Stabilizers add fat to ice cream. Added fat slows the melting of ice cream, so ice cream softens rather than completely melts. This prevents ice cream from becoming watery and mushy every time it sits on the counter. As a result, the ice cream won’t refreeze into large crystals and its texture will remain smooth even after it leaves and reenters the freezer.

Ice cream companies use stabilizers such as guar gum, locust bean gum, carrageenan, xanthan gum, polysorbate 80, monoglycerides, and diglycerides. Most are white powders that help thicken the mixture.  Moreover, egg yolks are also very popular for homemade recipes and work in the same manner. However many companies use plant-based emulsifiers, which add less fat and cost to production. This also avoids any obstacles that may arise when using egg yolks, such as salmonella. No worries though. As long as eggs are clean and tempered correctly, yolks work perfectly for at home recipes.

However, not all companies use plant-based or artificial emulsifiers. Haagen-Dazs is among the most popular of the all natural brands. Instead of powders, they use eggs to thicken and stabilize their products.  Additionally, the wealthy company controls its own distribution channels and uses specialized refrigerated delivery trucks, which ensure that the ice cream does not melt during transportation.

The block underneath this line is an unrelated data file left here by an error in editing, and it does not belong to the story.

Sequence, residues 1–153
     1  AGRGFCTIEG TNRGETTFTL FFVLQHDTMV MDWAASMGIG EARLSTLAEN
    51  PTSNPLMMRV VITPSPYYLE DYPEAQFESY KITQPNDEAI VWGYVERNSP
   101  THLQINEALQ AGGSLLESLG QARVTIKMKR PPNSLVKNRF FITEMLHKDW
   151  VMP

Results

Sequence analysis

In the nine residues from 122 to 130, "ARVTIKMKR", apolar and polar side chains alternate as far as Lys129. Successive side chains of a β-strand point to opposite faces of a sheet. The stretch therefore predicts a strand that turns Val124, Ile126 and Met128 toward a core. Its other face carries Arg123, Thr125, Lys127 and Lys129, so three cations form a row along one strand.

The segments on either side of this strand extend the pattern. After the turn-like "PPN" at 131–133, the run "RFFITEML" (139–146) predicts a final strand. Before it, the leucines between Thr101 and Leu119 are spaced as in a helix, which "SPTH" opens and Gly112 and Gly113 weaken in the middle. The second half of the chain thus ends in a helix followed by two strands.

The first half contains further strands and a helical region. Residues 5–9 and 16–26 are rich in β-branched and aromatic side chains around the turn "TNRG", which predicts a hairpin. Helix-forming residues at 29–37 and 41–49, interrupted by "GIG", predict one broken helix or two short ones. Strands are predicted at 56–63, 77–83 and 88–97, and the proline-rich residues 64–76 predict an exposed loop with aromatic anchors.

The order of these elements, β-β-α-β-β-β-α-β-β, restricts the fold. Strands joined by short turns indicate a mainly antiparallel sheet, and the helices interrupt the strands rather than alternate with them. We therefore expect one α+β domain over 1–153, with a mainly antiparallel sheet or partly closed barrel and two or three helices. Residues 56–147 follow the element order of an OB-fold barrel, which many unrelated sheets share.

A few years ago, the Haagen-Dazs also released a new line called “Five”. These specific ice creams only contain five all natural ingredients. Ingredients for the “Five” vanilla bean ice cream include: milk, cream, sugar, eggs, and vanilla bean. Sounds fantastic, except these are the exact same ingredients used in their classic vanilla ice cream.  The ingredients for “Five” chocolate also mirror the classic chocolate recipe (just replace the vanilla with cocoa powder). The same is true for both types of coffee ice cream.

Haagen-Dazs has been using the exact same recipes for years. The only difference is that nowadays, consumers are more concerned with artificial ingredients and often purchase all natural products. Haagen-Dazs cleverly took advantage of this fad, marketing the same ice cream with a new label to attract health conscious buyers. Not a bad idea.